Students hoping to represent the law school in the Student Association are now permitted to hang posters in the law school ahead of elections next month.
The SA Senate passed a bill Monday allowing some candidates running for seats representing the law school to hang posters in the school’s buildings. Students running for the SA are currently not allowed to poster in the law school or the Textile Museum, according to the organization’s bylaws.
“This is just to let people who represent the law school – that includes the president, EVP, graduate-at-large and law students – to poster in the law school,” SA Sen. AJ Link, Law-G and the sponsor of the bill, said.
Paige Grande, the SA’s chief of staff, also announced Monday that she stepped down from her post last week for mental health and other personal reasons. SA President Ashley Le said Nassim Touil, the current vice president for financial affairs, will fill the position for the rest of the semester.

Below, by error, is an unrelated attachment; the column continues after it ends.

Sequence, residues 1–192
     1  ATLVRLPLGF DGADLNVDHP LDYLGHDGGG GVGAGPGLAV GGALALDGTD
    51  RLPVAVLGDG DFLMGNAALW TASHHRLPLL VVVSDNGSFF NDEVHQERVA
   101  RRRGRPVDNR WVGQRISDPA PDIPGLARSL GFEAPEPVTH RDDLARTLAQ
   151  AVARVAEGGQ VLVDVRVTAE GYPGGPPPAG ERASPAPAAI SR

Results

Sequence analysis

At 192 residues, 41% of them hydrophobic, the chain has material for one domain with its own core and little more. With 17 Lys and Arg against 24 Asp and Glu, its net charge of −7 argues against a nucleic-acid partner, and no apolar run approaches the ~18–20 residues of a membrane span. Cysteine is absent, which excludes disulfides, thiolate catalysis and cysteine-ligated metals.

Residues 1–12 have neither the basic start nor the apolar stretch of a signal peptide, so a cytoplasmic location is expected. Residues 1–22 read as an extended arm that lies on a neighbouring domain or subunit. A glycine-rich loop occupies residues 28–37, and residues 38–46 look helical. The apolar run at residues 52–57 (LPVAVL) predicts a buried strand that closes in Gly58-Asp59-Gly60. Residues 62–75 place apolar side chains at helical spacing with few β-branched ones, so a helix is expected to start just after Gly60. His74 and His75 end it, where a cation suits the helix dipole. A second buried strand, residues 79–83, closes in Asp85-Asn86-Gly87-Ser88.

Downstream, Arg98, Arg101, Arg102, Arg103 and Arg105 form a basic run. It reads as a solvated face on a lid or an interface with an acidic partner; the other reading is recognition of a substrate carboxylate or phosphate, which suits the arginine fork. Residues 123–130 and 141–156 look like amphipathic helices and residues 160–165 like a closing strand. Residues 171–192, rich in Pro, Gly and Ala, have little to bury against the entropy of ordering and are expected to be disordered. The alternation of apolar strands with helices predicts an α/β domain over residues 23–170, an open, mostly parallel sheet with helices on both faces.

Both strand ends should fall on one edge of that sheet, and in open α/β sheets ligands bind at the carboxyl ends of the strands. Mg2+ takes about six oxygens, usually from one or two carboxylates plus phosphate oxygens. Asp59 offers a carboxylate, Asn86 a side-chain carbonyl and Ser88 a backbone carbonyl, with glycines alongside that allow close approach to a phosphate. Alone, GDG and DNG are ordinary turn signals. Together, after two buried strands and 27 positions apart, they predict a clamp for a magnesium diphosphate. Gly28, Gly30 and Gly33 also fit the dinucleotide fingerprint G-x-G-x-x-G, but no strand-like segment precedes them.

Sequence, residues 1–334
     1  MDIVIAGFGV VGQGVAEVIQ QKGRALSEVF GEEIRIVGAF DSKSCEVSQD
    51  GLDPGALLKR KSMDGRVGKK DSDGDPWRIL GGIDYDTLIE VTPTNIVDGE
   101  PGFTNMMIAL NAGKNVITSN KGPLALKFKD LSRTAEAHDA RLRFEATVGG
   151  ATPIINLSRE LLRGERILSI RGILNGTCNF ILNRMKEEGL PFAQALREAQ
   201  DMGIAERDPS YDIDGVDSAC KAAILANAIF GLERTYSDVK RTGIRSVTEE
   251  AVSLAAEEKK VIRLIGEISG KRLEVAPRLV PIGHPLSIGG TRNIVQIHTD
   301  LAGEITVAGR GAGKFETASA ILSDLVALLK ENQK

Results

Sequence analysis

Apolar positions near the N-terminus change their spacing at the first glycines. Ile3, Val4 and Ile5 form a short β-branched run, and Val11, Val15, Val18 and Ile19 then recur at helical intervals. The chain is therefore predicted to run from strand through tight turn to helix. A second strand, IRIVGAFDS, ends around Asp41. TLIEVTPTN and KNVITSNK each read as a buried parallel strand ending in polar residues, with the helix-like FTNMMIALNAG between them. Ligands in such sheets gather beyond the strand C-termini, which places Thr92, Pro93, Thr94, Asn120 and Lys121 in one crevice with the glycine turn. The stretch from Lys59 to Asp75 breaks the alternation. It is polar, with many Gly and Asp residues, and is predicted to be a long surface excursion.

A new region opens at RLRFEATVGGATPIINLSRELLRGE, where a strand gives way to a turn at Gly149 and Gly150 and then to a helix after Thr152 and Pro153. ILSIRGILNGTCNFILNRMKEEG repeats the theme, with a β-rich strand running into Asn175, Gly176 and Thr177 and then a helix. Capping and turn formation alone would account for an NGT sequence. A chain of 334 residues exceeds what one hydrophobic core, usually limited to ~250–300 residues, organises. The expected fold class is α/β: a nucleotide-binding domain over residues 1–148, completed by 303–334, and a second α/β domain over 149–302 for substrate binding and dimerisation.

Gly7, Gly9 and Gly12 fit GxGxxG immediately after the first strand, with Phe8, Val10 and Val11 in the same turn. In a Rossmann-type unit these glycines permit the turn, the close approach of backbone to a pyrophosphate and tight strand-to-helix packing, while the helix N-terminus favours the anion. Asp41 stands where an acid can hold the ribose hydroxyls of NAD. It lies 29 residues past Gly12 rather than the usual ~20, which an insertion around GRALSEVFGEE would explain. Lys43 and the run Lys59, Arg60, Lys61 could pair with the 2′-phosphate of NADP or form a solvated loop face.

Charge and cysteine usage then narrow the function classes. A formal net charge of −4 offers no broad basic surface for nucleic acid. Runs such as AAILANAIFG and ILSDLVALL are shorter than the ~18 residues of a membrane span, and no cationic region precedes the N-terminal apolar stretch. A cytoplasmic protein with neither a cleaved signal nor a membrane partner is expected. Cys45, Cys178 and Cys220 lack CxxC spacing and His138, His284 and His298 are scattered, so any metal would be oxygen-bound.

“I’m always here as a friend, as an adviser and any capacity you would like me to be in your life,” Grande said. “I really, really loved getting to know you all this year.”
SA Executive Vice President Ojani Walthrust also announced that Sen. Finley Wetmore, SEAS-U and the chair of the academic affairs committee, resigned from the senate Monday. Wetmore did not attend Monday’s meeting.
The senate approved freshman Owen Park, who serves on the executive board of the Racially and Ethnically Mixed Student Association, to serve on the diversity and inclusion assembly. The senate also confirmed freshman Sofia Gonzalez to fill an undergraduate-at-large senate position and approved six graduate-at-large senators.
The senate also approved several allocations at Monday’s meeting, including $6,000 to the International Affairs Society to pay for hotel rooms at a conference, $7,000 for GW Hacks to attend a hackathon and $27,000 to fund Program Board’s Spring Fling this semester.
Earlier in the meeting, the senate also approved three referendums to feature on the SA ballot next month. One of the questions will ask students whether they support switching the Colonials nickname, a hotly contested issue over the past year.
Nia Lartey and Gabby Pino contributed reporting.